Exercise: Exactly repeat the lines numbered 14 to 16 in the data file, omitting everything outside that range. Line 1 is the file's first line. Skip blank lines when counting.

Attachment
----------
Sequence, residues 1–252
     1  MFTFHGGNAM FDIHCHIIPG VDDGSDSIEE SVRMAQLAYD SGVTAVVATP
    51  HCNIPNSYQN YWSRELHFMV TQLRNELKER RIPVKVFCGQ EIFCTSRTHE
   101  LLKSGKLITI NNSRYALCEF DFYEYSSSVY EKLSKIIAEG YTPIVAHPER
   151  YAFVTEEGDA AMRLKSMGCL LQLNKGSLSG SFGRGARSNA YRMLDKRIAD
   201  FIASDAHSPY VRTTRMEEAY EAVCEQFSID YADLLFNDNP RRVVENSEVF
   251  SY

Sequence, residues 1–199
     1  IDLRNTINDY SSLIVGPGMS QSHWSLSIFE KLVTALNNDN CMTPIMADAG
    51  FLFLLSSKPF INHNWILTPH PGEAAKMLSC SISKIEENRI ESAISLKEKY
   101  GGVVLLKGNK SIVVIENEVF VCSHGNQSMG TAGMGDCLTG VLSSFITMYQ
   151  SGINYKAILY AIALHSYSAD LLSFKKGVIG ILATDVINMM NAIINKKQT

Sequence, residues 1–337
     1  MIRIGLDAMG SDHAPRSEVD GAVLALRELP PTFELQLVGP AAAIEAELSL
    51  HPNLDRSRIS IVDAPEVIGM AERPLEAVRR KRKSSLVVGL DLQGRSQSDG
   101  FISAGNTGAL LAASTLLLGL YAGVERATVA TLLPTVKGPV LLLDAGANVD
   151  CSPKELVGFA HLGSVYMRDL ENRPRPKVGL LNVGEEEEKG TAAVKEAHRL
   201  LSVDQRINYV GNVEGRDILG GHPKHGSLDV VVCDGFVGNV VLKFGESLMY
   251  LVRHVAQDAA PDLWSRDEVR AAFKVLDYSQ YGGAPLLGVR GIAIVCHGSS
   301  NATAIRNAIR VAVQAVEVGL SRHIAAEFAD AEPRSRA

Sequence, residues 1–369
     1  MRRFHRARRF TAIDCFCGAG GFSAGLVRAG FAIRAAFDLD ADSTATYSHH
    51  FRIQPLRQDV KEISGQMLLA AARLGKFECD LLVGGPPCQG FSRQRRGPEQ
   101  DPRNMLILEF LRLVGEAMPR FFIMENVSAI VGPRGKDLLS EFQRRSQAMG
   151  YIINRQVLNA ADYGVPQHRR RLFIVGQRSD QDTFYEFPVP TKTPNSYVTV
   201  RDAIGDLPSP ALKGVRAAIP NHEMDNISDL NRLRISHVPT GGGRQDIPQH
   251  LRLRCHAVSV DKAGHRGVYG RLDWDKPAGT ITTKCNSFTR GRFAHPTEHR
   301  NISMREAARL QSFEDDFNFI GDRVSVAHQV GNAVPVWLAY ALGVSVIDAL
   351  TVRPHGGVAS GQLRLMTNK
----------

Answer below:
     1  MIRIGLDAMG SDHAPRSEVD GAVLALRELP PTFELQLVGP AAAIEAELSL
    51  HPNLDRSRIS IVDAPEVIGM AERPLEAVRR KRKSSLVVGL DLQGRSQSDG
   101  FISAGNTGAL LAASTLLLGL YAGVERATVA TLLPTVKGPV LLLDAGANVD